The Cathedral offers many choices for volunteer service. Some may require specific
skills but most are open to all. An opportunity to serve people in need is offered
through our feeding program Church Street Eats. Activities involving religious
services include these: lay readers for Bible selections; Lay Eucharistic Ministers
to take communion to homebound persons; acolytes and vergers who participate in the
service; ushers and greeters; the Altar Guild; the Choir.
A variety of Ministry Teams work in diverse areas: Adult Christian Formation/Bible Study; Church Street Eats, a feeding program; Communications; Healing Ministry; Hospitality; Mansfield Education Committee; Monday Stewards who count the Sunday collection; Stewardship; Youth Ministry.
Look at the Sitemap for details on how you may be able to serve.
The word “Episcopal” comes from the Greek word episcopos for “bishop.” Thus
“Episcopal” means “governed by bishops.” The Episcopal Church maintains a
three-fold order of ministry as handed down by the Apostles-- deacons, priests
and bishops-- in direct descent, via the laying on of hands from the original
Our faith is sometimes described as a three-legged stool: Scripture,
tradition and reason. Traditionally the Episcopal Church has been a place
where many points of view are welcomed as part of the life of faith. All can
find a home regardless of ideology, race, ethnicity, gender, sexual orientation,
disability or age. Episcopalians value what is revealed about God and God’s will
as we take into account a variety of perspectives and voices.
When you visit an Episcopal church, you will almost certainly find in a pew
rack a copy of TheBook of Common Prayer. It includes various services and rites,
creeds, prayers, psalms and a lectionary that lists daily Scripture readings.
These and more comprise what is known as “liturgy,” a written pattern for our
corporate worship. In corporate worship, we unite ourselves with others to
acknowledge the holiness of God, to hear God’s Word, to offer prayer, and to
celebrate the sacraments.
A printed bulletin, given to you when you enter, provides information on
what happens during a service, such as when the congregation sings hymns or
other music for the liturgy, when responses are made to prayers, or when it
is appropriate to stand or kneel, if you are able. Congregation members
nearby will gladly offer their assistance.
The Holy Eucharist, also known as Holy Communion, is the chief service of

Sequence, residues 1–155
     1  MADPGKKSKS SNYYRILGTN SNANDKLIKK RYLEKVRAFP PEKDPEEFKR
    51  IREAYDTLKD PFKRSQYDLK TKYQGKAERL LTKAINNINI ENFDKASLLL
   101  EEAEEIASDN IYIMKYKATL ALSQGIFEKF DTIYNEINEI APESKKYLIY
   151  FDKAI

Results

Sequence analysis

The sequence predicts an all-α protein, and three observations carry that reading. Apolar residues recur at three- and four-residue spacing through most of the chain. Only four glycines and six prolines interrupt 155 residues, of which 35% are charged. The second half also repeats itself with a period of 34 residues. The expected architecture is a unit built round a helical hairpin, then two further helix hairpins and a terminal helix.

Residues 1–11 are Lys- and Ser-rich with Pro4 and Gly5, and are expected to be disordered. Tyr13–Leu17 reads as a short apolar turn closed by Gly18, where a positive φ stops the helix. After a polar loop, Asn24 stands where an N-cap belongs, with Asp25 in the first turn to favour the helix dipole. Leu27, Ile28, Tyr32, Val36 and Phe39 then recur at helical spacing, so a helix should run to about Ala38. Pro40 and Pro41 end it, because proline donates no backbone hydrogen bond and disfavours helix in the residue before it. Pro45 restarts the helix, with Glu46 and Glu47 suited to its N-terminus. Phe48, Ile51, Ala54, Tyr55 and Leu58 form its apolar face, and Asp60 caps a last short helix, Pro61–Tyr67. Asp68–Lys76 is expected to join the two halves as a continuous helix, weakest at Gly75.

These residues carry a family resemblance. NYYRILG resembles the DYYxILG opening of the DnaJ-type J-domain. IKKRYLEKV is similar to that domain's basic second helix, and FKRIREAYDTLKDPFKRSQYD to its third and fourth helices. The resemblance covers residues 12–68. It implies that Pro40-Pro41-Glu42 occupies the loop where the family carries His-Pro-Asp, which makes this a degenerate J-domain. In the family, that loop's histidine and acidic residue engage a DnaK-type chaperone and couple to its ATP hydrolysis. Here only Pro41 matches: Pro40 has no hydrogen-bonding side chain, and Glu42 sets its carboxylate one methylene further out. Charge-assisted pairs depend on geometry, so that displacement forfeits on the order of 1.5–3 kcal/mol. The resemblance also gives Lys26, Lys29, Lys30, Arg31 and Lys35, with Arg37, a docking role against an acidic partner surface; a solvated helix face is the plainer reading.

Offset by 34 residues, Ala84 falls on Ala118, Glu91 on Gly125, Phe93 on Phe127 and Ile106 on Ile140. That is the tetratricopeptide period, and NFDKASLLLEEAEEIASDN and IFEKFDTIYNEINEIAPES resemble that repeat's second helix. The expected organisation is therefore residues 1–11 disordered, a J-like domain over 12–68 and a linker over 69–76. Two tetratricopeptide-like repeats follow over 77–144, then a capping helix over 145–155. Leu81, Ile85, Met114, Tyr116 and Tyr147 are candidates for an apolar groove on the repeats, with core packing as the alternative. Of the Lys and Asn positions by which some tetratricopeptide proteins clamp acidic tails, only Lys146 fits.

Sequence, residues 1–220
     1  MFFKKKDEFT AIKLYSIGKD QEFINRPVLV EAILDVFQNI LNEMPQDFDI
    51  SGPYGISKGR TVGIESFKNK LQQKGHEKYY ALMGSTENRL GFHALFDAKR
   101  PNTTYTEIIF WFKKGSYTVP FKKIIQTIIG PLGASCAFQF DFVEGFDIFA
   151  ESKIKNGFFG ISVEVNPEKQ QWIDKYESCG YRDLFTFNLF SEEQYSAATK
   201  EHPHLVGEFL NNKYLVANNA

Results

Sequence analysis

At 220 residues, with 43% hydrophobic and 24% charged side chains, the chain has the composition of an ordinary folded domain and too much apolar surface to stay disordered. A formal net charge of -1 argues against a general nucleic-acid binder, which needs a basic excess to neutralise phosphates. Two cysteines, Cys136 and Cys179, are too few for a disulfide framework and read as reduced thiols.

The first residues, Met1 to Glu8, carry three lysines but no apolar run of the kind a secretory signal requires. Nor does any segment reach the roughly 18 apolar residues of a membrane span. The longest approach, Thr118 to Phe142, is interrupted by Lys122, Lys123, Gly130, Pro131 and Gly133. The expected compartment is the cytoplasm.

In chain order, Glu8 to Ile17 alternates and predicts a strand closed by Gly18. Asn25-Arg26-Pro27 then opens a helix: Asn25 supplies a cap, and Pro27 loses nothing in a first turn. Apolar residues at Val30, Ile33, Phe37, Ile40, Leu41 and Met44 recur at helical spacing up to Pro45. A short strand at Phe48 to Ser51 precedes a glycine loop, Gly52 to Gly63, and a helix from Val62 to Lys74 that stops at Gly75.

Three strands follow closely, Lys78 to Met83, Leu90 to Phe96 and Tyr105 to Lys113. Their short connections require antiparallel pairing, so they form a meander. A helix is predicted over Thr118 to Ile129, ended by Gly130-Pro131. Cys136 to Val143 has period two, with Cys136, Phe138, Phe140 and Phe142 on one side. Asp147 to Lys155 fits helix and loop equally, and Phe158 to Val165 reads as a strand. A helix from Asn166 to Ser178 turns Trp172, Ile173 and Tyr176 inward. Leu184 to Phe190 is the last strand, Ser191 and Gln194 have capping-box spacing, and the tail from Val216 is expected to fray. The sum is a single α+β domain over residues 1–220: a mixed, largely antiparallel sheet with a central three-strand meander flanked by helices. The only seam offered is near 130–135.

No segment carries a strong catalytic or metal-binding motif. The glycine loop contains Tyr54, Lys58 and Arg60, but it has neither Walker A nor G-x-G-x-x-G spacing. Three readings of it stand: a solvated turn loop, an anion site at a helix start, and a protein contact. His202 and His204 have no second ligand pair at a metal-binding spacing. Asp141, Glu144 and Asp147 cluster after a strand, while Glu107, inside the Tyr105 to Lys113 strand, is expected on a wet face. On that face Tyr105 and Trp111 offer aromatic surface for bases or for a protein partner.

Sunday, the Lord’s day. It was instituted by Christ himself as a memorial of
his sacrifice on the cross. It offers the elements of bread and wine
consecrated and offered as the Body and Blood of Christ. “Eucharist” comes
from the Greek word that means “thanksgiving.”
At Christ Church Cathedral, all baptized Christians, regardless of age or
denomination, are welcome to receive Holy Communion. The sacrament will be
brought to persons unable to go to the altar rail. If you prefer not to have
wine, you may take only the bread.
A baptized child may take communion at any age. The decision is left to the child and the parents.
Come as you are. There are no rules about clothing.You will see member of
our congregation in what may be considered “going to church clothes” but also
in more casual choices.
Both the Episcopal Church and the Roman Catholic Church are within the
apostolic succession but there are key theological differences. One example
is that the Pope is not the head of the Episcopal Church though we recognize
him as the head bishop of another branch of the Christian Church. In the
Episcopal Church, women, as well as men, can be priests and bishops, and
clergy can be married.
In the Nicene Creed, a statement of our basic beliefs about God which is recited during the Eucharist, these words occur: “We believe in one holy, catholic and apostolic church.” The word “catholic” is in lower-case and means “universal.”
The Bible is central to the life of the Episcopal Church. The Book of
Common Prayer encourages us to “hear, read, mark and learn” words of Holy
Scripture “that we may embrace them and ever hold fast the blessed hope of
everlasting life.” Episcopalians have traditionally found that their unity
in worship allows freedom in the reading and understanding of Holy Scripture.
We recognize that the Holy Spirit speaks to God’s church today.
Every member of the Episcopal Church in Connecticut is a member of
Christ Church Cathedral. The Cathedral hosts a congregation that regularly
attends worship here. Membership in our congregation reflects a commitment
to God’s mission through service and contributing financially to bring about
that mission in the world.
Membership in Christ Church Cathedral is not necessary. However, it is
required that one member of the couple be a baptized and active member of an
Episcopal church. Premarital counseling is required by the canons of the
Episcopalians in Connecticut are members of Christ Church Cathedral. Episcopalian who regularly worship at another parish in the Episcopal Church in Connecticut may hold a wedding at the Cathedral; their parish priest is responsible for the premarital preparation.